In my last post I described how to cope with generic types in a meta model regarding the scoping mechanism of XText. This post is about the oddities (not meant in a bad way) of XTexts object creation strategy.
Let us take the entity model example from my last post and refine it a little bit. Since we are creating a textual DSL (domain-specific language) and not a GPL (general-purpose language), we would like to add (further) abstractions to our language. Therefore, we do not use the language itself to describe collection types, but integrate it into the language. In contrast, in Java a
List is an interface with several implementations like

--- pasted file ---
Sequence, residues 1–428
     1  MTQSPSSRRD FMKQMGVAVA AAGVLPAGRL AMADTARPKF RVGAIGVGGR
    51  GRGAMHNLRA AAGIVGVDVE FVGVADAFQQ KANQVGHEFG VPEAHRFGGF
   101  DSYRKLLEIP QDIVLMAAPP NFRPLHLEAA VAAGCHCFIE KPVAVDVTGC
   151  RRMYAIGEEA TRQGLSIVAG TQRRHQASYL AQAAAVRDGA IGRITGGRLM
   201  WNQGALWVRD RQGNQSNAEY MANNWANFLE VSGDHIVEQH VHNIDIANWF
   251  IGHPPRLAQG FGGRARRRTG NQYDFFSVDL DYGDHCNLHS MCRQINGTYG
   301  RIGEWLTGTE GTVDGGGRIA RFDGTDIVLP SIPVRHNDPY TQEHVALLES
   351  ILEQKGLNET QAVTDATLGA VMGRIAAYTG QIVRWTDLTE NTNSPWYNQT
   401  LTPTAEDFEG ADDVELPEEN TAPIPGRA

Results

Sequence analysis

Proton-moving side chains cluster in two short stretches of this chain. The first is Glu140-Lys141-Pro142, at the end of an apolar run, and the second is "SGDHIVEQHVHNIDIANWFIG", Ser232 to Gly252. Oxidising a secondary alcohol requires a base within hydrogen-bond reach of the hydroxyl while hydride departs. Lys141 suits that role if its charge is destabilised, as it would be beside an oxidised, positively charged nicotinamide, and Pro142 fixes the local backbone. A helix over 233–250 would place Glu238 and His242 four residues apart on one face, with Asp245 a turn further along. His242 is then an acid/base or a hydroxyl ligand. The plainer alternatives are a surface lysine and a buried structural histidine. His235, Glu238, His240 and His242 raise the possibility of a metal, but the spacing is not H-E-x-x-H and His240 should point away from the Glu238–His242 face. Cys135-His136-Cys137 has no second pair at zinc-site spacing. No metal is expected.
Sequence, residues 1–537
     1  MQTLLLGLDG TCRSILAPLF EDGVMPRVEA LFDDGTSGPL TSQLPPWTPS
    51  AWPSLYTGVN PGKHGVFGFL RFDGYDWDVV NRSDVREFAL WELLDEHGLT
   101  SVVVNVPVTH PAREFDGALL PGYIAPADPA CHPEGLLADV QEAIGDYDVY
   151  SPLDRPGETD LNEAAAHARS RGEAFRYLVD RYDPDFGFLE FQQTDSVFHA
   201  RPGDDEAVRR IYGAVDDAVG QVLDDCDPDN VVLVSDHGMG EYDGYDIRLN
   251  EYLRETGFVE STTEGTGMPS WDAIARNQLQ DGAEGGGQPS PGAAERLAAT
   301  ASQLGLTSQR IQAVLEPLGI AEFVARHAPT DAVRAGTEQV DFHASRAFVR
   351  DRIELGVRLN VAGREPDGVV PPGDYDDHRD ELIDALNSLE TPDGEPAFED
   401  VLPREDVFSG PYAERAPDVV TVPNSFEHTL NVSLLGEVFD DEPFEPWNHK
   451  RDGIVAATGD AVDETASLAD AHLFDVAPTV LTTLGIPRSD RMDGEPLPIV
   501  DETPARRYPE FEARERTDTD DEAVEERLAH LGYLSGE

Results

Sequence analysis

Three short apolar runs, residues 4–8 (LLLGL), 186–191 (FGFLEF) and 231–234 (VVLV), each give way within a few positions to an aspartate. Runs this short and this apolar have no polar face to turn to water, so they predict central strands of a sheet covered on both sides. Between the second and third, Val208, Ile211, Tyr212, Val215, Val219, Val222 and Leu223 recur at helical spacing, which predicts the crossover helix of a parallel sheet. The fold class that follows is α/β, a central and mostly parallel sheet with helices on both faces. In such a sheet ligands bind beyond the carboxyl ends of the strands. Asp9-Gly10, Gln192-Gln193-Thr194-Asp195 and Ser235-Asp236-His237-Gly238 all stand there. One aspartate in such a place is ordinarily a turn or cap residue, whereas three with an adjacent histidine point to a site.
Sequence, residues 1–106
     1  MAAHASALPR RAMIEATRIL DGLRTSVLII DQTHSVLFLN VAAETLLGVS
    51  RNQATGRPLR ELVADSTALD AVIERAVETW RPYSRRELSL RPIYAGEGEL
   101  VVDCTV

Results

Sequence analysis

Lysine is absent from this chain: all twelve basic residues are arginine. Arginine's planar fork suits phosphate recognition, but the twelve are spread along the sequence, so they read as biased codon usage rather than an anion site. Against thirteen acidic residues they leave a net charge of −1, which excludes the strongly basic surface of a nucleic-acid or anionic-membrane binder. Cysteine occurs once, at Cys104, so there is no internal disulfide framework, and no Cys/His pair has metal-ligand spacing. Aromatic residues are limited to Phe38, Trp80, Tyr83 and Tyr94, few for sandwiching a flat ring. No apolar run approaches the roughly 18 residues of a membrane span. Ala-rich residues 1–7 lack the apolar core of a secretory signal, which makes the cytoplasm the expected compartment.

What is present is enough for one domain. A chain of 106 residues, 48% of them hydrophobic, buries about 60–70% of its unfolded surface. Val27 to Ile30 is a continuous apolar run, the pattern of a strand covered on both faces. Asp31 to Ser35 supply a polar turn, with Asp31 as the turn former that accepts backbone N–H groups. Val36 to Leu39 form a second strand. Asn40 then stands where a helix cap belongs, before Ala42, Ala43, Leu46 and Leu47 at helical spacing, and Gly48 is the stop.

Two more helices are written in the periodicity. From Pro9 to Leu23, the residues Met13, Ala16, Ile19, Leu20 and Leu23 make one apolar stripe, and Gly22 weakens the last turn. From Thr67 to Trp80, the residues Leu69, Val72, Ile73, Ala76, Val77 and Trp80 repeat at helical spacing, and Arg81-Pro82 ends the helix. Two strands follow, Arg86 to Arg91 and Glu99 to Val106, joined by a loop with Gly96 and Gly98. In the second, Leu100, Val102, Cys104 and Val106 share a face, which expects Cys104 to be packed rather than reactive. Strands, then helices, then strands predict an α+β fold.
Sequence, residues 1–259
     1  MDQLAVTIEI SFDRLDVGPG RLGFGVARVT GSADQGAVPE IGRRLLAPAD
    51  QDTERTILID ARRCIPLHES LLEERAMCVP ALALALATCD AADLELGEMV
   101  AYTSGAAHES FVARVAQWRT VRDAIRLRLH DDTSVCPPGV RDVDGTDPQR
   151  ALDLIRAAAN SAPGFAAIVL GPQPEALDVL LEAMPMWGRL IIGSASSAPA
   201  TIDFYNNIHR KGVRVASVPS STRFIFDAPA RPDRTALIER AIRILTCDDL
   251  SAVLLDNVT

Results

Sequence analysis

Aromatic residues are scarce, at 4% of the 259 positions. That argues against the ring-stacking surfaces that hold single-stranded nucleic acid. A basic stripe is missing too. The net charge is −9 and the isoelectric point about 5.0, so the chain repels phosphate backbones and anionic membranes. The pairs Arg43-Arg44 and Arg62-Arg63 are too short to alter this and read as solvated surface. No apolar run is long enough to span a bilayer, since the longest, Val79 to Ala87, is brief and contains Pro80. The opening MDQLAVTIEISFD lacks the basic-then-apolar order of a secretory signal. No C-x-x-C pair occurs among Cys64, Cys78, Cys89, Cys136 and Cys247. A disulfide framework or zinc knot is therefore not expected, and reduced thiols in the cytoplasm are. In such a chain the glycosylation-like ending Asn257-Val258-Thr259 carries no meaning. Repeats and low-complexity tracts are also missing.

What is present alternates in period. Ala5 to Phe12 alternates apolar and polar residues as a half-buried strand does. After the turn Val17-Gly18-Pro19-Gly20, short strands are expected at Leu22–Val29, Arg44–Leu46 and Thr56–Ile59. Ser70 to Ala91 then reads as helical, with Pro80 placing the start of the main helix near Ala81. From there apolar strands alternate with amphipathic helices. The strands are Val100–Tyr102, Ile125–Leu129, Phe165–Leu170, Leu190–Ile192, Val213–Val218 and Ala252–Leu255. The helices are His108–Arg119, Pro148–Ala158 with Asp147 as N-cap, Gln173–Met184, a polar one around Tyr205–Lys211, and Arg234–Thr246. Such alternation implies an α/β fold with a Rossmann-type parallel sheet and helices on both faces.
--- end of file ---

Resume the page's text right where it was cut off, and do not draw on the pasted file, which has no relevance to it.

ArrayList. They are all implemented in Java and not part of the language features itself. Of course, there are some general-purpose languages like Python, which integrate collections directly into the language, or others like Google Dart which semi-integrate them via syntactic sugar, but still have implemented them as normal classes. But this is not the point here: We would like to integrate collections as a concept into our language…